Is geoengineering a good idea? It's hard to say; the spectre of a botched job looms large, while others concede that some geoengineering is likely to be inevitable. But geoengineering is still largely untested and any intended consequences are mostly likely irrevocable as well. In any case, it doesn't stop designers from wondering "what if," as Paris-based Sitbon Architectes are proposing in Bloom, a conceptual phytoplankton farm that sits on the sea, breeding the ecologically vital microscopic organisms in a bid to produce more oxygen, while simultaneously removing excess carbon dioxide from the sea.
Seen over at Architizer, the semi-submersible sphere is anchored to the seafloor with a system of cables, providing a series of permanent outposts that can be inhabited by scientists studying rising sea levels. In this sense, Bloom can be a line of first defense in the monitoring of changes in climate, or alerting to impending natural disasters like tsunamis (though the interior rendering unfortunately looks less like a science outpost and more like a tacky hotel).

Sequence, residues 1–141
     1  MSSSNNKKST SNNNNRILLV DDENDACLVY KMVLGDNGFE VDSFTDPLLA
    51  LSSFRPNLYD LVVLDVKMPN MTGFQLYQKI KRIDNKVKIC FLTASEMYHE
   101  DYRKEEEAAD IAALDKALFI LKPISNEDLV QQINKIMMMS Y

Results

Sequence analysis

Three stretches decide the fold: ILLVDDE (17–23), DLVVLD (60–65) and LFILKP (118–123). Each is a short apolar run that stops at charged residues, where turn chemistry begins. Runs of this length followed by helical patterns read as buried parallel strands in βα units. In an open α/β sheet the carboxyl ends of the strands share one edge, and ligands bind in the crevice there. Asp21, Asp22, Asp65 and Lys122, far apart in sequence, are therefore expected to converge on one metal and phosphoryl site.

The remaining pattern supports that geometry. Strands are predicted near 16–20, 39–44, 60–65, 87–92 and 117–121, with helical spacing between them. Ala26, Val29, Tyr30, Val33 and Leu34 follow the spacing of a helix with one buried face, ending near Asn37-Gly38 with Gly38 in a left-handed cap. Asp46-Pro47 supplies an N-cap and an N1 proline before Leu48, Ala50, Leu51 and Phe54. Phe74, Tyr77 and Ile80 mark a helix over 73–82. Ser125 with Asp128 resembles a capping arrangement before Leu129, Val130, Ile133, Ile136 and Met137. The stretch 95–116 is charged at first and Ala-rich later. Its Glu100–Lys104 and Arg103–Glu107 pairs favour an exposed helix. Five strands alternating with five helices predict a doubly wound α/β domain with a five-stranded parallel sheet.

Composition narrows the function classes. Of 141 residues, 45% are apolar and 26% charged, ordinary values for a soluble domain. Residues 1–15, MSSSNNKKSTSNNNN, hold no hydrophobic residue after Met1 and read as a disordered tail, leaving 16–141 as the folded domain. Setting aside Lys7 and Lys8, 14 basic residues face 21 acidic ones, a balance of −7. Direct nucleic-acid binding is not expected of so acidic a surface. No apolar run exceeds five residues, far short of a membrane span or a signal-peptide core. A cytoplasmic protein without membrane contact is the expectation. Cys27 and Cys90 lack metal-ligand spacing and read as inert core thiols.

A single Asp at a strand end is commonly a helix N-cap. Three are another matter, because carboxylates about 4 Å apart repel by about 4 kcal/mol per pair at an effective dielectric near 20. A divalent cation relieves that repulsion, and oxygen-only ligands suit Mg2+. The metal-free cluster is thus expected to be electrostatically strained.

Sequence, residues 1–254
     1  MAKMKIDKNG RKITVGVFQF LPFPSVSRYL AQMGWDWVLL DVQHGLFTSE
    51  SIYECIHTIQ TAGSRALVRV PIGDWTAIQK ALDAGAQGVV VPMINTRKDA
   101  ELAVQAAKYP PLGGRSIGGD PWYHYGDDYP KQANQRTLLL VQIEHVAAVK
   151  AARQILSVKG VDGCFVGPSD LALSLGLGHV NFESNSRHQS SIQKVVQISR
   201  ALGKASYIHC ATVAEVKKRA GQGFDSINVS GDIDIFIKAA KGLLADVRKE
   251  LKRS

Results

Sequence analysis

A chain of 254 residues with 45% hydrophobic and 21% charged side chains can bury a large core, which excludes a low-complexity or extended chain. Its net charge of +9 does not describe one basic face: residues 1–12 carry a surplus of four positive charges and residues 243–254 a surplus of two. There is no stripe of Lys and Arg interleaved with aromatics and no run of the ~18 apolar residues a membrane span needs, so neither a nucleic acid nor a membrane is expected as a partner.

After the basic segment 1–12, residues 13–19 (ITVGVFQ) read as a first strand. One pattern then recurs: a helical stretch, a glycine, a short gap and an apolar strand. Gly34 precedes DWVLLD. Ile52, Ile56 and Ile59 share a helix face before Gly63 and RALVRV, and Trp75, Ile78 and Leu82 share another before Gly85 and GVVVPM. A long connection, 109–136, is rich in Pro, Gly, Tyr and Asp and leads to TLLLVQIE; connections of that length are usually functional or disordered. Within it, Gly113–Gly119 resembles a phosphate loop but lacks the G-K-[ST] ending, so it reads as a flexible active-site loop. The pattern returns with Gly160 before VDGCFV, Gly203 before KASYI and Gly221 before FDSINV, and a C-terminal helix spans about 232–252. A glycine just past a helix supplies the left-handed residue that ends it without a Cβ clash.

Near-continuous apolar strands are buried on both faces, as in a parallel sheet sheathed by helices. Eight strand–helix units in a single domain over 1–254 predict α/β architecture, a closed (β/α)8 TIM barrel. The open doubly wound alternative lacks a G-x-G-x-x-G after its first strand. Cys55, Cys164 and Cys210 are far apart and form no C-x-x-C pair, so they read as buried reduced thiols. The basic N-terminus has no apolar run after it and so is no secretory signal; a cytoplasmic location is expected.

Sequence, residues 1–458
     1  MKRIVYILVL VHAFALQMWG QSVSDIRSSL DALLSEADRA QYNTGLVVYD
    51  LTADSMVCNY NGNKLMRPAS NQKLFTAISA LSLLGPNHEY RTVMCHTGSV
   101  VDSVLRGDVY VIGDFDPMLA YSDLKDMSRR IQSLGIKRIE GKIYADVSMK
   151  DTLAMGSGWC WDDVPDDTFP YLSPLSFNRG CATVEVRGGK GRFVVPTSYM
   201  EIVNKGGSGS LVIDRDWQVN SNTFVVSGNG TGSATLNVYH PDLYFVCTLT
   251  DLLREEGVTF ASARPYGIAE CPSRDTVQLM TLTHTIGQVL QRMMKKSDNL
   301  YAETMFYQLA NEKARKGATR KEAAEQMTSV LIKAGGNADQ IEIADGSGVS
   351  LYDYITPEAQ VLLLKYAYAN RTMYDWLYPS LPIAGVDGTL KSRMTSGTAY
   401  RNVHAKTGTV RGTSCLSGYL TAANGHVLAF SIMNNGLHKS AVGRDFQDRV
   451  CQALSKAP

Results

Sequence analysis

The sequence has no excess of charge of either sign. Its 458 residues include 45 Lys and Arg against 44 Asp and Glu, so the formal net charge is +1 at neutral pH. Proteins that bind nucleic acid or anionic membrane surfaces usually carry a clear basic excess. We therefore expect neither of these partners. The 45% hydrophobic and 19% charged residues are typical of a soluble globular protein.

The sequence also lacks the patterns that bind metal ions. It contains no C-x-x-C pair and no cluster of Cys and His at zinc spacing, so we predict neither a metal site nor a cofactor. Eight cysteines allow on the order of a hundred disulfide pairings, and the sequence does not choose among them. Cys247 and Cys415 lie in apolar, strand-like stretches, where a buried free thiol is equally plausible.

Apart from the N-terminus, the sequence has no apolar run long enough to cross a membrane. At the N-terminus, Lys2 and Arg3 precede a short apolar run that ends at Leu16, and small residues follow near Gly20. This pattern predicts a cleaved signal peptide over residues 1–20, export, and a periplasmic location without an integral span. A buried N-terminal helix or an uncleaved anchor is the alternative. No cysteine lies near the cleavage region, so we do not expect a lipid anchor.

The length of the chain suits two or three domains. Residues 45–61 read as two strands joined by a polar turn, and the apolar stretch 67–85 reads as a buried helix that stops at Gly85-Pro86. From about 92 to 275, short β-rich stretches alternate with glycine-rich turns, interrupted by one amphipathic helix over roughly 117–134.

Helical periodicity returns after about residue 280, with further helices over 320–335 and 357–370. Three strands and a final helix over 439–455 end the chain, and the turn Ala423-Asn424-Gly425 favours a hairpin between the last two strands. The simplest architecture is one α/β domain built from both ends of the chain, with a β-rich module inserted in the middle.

These phytoplankton farms can also be used to mitigate the growing number of so-called dead zones, where nitrogenous fertilizer run-offs have starved waters of oxygen. The designers characterize Bloom as a "catalyst structure" that acts as a "matrix pocket of oxygen on Earth," able to provide on-site environmental regulation wherever it's needed, in addition to converting saltwater into a freshwater supply. There's also a chamber to store (produced?) biodiesel that fuels the whole farm.
It's an intriguing design that synthesizes various ideas about remediating ecosystems, and is at least a more refined approach than dumping tons of iron straight into the sea to stimulate phytoplankton blooms. But good design doesn't do much unless it's shored up with corresponding changes in policy, and getting to the root of the problem: the burning of fossil fuels. More over at Architizer and Sitbon Architectes.